By Wally Siewert, Ph.D., Public Ethicist
Next Tuesday, August 7, St. Louis County residents will go to the polls to decide between two leading candidates in the Democratic primary for St. Louis County Executive: incumbent candidate Steve Stenger and his chief challenger, businessman Mark Mantovani. Voters were recently denied an opportunity to listen to these candidates exchange an open dialogue on a range of important issues facing our region.
As a public ethicist, a civic engagement advocate, and a U.S. citizen, I find this deeply problematic, and symptomatic of a wider trend of non-engagement, especially among incumbent candidates.
For the past year, I have been a part of the Social Policy & Electoral Accountability Collaborative (SPEAC), a group facilitated by the Community Builders Network and comprised of leading St. Louis area organizations striving to hold elected officials accountable to the communities they represent, or are seeking to represent, both prior to an election and afterward. In February 2017, SPEAC hosted one of the largest mayoral forums in the City of St. Louis, held at the Sheldon in partnership with St. Louis Public Radio, the Nine Network, and The St. Louis American. Over 700 people gathered to hear mayoral candidates discuss their priorities on live television before the March primary, a race that—as will likely be the case with next week’s primary in the County—effectively determined the outcome of the subsequent general election.
SPEAC has spent the past ten months planning a similar forum for the County Executive race in St. Louis County, originally set to be held on July 25 at the Touhill Performing Arts Center on the University of Missouri-St. Louis campus. As we did last year, our group was working with journalists at St. Louis Public Radio to craft questions that would have explored where candidates stand on priorities at the heart of the Ferguson Commission Report under the Youth at the Center, Opportunity to Thrive, and Justice for All issue clusters.
Mark Mantovani agreed to take part in SPEAC’s forum. However, despite repeated, multi-pronged outreach attempts over time, County Executive Steve Stenger’s campaign failed to confirm his participation. As a result SPEAC was forced to cancel the event.
As someone who worked hard in partnership with a coalition of incredible St. Louisans who are passionate about building a stronger, more equitable, and more just region for all, I was very disappointed in this result.
As Forward Through Ferguson’s David Dwight noted in SPEAC’s press release about the forum cancellation, “there are few things more core to the health of our local democracy than the right of residents to interact with those who seek to represent our community in public office.” Indeed, this is the very glue that holds a democracy together: a genuine belief that our elected representatives and public institutions will take our viewpoints and our needs into account in a real, substantive way when they craft policy and make decisions. Without that foundation of accountability, transparency, and trust, democracy can’t exist.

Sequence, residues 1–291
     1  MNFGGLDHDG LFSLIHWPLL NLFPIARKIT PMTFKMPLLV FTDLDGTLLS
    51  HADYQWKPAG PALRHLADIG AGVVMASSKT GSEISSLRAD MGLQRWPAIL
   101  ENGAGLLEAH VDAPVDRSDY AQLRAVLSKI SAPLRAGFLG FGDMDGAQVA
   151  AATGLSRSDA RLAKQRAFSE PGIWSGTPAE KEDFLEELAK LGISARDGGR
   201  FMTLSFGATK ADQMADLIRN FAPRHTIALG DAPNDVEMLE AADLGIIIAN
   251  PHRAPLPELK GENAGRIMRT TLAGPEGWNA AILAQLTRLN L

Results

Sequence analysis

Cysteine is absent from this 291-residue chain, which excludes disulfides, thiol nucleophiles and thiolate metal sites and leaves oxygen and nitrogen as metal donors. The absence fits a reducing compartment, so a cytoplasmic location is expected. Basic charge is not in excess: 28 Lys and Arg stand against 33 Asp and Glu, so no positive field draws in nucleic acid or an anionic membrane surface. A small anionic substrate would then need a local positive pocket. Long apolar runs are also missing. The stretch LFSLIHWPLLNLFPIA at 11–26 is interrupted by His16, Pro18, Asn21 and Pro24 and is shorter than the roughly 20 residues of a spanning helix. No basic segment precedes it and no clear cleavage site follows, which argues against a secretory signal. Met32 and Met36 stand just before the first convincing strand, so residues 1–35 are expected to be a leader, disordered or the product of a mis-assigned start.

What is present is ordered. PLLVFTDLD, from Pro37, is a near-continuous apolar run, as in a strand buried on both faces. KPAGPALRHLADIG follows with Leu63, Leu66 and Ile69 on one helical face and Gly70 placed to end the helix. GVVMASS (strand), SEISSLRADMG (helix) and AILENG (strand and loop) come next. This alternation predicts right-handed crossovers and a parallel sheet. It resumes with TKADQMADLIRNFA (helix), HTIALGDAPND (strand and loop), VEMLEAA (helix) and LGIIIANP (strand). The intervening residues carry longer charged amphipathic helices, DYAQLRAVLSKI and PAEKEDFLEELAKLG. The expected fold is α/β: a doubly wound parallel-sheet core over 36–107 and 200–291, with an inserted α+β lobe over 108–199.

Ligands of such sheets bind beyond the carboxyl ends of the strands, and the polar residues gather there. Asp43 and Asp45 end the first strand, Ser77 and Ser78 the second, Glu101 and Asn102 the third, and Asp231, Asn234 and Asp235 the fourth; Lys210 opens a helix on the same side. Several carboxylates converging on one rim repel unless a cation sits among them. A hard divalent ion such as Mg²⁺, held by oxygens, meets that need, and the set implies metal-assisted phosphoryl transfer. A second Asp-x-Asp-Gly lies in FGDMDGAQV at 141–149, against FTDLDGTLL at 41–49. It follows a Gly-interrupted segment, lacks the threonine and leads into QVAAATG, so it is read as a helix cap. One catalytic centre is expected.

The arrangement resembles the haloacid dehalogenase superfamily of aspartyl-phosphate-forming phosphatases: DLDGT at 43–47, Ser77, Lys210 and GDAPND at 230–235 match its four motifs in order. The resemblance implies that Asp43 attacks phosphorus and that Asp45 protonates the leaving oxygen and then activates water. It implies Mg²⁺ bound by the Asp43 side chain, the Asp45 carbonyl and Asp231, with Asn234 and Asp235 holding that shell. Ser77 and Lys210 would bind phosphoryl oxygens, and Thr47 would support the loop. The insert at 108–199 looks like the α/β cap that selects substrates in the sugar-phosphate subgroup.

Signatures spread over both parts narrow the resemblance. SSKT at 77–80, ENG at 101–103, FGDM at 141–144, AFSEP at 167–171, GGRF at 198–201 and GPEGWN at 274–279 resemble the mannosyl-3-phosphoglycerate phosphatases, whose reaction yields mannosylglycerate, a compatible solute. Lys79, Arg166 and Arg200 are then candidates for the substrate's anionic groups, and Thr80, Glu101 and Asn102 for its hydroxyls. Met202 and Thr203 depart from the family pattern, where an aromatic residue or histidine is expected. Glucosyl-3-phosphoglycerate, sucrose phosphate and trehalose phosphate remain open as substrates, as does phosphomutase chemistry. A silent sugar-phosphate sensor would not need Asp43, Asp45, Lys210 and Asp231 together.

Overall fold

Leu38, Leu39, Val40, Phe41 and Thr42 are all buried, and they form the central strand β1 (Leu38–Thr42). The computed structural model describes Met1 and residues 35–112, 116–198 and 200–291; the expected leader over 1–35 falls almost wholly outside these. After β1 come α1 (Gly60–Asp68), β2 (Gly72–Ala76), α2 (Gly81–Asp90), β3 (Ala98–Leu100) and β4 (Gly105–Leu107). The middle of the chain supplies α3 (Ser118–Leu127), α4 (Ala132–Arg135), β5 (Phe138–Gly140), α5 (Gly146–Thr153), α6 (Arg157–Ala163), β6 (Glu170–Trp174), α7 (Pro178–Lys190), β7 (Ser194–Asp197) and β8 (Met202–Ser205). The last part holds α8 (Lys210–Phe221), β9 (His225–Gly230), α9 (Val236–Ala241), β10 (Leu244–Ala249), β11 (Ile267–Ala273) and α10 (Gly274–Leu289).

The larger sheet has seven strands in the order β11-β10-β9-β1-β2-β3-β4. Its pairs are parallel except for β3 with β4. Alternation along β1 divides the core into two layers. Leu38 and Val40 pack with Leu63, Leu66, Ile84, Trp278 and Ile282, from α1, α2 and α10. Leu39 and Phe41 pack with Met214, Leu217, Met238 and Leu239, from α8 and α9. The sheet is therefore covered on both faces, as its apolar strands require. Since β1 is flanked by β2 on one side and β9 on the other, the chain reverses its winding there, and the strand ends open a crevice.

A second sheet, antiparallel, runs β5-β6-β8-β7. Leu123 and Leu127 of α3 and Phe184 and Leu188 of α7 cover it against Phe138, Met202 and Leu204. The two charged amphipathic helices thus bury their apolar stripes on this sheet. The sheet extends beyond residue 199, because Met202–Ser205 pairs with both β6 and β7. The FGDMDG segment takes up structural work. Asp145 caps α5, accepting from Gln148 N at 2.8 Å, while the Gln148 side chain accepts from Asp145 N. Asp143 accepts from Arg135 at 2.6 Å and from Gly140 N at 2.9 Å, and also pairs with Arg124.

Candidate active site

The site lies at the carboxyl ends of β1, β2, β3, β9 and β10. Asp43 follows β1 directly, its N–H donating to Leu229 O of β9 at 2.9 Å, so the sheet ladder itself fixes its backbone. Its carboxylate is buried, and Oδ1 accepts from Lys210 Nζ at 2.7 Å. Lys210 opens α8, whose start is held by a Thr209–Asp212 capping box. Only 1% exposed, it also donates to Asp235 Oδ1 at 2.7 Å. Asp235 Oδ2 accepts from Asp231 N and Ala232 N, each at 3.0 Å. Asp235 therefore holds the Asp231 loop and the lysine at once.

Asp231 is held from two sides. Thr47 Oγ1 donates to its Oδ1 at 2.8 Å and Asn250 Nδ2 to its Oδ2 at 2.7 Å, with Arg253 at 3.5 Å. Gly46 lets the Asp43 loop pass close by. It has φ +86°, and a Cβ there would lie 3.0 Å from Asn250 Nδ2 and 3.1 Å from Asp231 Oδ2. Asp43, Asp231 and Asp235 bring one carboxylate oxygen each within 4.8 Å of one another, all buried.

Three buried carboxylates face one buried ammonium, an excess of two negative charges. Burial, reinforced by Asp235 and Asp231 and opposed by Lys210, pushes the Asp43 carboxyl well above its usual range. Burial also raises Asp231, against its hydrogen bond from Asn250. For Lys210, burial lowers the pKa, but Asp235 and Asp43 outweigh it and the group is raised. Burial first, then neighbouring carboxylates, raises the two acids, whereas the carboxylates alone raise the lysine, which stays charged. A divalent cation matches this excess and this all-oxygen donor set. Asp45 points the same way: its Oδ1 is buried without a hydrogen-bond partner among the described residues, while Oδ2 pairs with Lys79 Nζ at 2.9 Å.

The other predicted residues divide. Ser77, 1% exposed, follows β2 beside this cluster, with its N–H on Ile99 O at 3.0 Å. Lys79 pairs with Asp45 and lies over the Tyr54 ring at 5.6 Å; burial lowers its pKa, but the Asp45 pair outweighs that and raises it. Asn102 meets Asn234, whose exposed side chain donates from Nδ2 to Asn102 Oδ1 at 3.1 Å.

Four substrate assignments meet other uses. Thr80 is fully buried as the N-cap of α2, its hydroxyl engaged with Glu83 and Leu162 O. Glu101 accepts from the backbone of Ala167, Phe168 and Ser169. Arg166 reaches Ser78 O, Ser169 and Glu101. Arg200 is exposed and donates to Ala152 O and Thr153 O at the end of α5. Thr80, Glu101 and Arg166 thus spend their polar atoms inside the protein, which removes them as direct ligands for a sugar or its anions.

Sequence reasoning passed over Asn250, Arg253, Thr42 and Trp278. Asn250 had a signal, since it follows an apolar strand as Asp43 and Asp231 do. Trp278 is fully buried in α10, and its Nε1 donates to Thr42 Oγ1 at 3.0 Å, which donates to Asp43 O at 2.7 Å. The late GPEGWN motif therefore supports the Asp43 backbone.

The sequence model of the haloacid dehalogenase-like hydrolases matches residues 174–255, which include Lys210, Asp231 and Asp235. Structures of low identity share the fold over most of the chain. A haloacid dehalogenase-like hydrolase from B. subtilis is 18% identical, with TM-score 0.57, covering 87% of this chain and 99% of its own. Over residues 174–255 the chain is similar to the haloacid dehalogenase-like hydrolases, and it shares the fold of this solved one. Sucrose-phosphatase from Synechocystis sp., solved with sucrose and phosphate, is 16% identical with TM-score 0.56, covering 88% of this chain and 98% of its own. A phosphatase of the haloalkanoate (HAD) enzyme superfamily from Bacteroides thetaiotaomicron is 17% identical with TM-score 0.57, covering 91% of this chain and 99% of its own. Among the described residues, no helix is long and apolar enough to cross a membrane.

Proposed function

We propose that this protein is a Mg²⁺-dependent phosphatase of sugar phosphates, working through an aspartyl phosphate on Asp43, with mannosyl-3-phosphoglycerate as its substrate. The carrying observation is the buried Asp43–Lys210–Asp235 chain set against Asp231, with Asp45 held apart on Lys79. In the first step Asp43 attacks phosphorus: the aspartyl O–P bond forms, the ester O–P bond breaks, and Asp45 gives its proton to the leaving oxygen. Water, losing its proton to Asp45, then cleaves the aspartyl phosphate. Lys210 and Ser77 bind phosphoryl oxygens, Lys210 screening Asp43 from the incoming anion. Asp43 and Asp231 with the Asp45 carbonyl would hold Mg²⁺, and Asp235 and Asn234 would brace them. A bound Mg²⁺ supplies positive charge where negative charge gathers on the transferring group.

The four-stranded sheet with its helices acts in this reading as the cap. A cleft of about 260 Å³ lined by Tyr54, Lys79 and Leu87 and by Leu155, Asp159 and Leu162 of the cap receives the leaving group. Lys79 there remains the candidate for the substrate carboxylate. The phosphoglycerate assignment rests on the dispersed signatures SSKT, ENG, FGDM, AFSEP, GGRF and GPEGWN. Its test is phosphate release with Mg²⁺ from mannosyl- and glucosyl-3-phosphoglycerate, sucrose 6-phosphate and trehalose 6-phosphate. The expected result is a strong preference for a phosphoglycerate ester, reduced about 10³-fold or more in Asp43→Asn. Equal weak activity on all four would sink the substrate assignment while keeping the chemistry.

Dr. Wally Siewert has over a decade of experience with civic and political engagement, from the grassroots and applied level to academic analysis and theory. From 2011-2017, Dr. Siewert was the Director of the Center for Ethics in Public Life (CEPL) at the University of Missouri-St. Louis. During that time CEPL established itself as a statewide hub for public ethics information, conferences, workshops, research, best practices, legislative tracking, community collaboration and more.
Prior to arriving in St. Louis in 2011, Wally earned his Ph.D. in political philosophy and ethics from the University of California Santa Barbara. He also holds an M.A. in philosophy and a B.A. in philosophy and German from Western Michigan University. Prior to his post-graduate work, Dr. Siewert worked as a political organizer and lobbyist for a network of state-level grassroots consumer justice organizations, including two years as the Campaign Director for the Coalition for Consumer Justice of Rhode Island. He also spent four years as a small business owner and manager.
Dr. Siewert’s most deeply held political beliefs are not about policy, but about political process—about what it takes to create cooperation among co-citizens while simultaneously respecting every individual’s right to pursue her own personal conception of the good. He is an avid wood-worker and animal lover who enjoys nothing more than a good game of chess with a purring cat on his lap and a dog on his feet.
Articles in “From the Field” represent the opinions of the author only and do not represent the views of the Community Builders Network of Metro St. Louis or the University of Missouri-St. Louis.
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